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UMass Lowell leadership was on display at the annual Nanomanufacturing Summit in April, where recent developments and breakthrough research were showcased. More than 30 faculty members and as many graduate students are engaged in nano-related research through the Nanomanufacturing Center, so poster presentations filled the Suffolk Conference Center at the Wannalancit Mill for the edification of industry partners and community members.
U.S. Rep. Niki Tsongas gave the keynote address, introduced by Chancellor Marty Meehan. UMass Lowell is a national leader in nanotechnology development and, earlier this year, Tsongas helped to secure a $1 million federal appropriation to support the University's ongoing research into detection of biological and chemical threats.
“You are playing a revolutionary role in developing a technology for the future,” said Tsongas. “In so doing you should be mindful of your work’s potential shelf life. All we have to do is think of the University's historic dominance in plastics engineering and the textile industry ߝ technologies developed years ago that still spark new innovation and important business opportunities. What you are doing today will play itself out for decades to come.”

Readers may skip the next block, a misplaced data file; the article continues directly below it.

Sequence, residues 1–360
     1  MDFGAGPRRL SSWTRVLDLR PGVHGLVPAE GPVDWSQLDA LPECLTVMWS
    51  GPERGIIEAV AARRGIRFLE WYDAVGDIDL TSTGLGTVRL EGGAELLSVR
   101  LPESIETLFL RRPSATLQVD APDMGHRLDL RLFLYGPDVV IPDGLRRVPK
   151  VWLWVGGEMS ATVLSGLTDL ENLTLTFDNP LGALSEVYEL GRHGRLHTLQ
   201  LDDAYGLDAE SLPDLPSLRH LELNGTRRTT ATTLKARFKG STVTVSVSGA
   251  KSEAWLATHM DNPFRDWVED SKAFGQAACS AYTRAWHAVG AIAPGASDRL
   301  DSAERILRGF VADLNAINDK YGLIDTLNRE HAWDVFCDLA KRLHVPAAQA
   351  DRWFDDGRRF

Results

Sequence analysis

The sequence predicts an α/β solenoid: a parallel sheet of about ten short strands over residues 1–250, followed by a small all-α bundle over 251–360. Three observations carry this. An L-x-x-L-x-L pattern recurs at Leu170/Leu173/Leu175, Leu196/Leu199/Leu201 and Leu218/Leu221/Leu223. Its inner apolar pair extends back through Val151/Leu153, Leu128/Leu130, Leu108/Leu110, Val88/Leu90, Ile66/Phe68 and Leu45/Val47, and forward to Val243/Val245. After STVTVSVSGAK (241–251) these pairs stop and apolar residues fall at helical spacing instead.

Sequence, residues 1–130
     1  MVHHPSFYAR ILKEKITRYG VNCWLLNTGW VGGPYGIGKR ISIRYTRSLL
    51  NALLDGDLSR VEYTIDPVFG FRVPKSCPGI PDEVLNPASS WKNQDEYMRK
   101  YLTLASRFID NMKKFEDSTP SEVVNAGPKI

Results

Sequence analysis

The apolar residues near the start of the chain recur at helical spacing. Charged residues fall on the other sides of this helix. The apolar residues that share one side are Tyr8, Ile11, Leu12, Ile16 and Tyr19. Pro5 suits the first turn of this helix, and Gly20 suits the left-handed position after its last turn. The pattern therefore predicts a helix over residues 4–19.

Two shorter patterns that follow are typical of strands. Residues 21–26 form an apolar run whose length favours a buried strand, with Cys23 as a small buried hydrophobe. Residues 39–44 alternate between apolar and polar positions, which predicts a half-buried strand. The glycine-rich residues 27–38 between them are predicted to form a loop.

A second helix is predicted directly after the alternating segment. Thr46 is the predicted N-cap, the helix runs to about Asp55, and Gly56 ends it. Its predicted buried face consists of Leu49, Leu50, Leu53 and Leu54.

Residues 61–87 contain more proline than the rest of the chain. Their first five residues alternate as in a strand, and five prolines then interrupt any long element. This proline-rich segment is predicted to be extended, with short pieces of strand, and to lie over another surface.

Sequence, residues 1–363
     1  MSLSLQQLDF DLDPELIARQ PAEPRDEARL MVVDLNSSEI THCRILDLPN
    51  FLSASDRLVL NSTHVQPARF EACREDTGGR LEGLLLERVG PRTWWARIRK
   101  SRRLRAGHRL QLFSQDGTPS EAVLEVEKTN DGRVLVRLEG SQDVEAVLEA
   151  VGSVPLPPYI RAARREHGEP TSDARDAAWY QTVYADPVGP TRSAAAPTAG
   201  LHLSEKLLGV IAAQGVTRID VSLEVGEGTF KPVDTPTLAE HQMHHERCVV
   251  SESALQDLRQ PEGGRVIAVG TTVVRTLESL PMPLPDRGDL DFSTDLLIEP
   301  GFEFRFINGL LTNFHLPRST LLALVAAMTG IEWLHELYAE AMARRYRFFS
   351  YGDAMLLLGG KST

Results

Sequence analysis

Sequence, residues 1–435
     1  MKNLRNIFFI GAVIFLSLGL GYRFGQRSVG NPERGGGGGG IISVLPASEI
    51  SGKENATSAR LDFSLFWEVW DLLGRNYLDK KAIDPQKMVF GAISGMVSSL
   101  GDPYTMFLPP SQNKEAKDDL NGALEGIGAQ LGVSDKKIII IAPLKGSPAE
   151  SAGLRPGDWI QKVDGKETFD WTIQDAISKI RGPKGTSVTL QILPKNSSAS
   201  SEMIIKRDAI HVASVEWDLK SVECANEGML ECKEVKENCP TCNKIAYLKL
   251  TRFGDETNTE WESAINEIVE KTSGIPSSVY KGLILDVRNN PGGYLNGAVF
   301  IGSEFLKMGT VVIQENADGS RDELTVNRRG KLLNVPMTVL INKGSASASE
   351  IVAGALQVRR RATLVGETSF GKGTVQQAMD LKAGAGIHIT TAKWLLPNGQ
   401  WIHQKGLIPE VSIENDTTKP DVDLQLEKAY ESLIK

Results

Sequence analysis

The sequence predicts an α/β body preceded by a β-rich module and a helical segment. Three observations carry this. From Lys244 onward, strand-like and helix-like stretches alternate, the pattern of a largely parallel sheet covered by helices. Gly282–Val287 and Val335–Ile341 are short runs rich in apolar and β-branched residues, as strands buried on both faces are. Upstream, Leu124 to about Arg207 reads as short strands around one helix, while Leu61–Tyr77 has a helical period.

Summit workshops covered such topics as safety considerations with nanoparticles and advanced sensors for chemical and biological threats or structural damage. These were presented by Asst. Prof. Dhimiter Bello of the Work Environment Department, Assoc. Prof. James Whitten of the Chemistry Department and Assoc. Prof. Christopher Niezrecki of the Mechanical Engineering Department.
Plastics Engineering Prof. Carol Barry, a director of the Nanomanufacturing Center, spoke about nanomaterial development and nanomanufacturing capabilities at UMass Lowell. Dr. George Kachen, the Center’s director of research and technology, discussed research partnerships and collaborations. About 50 companies were represented at the event.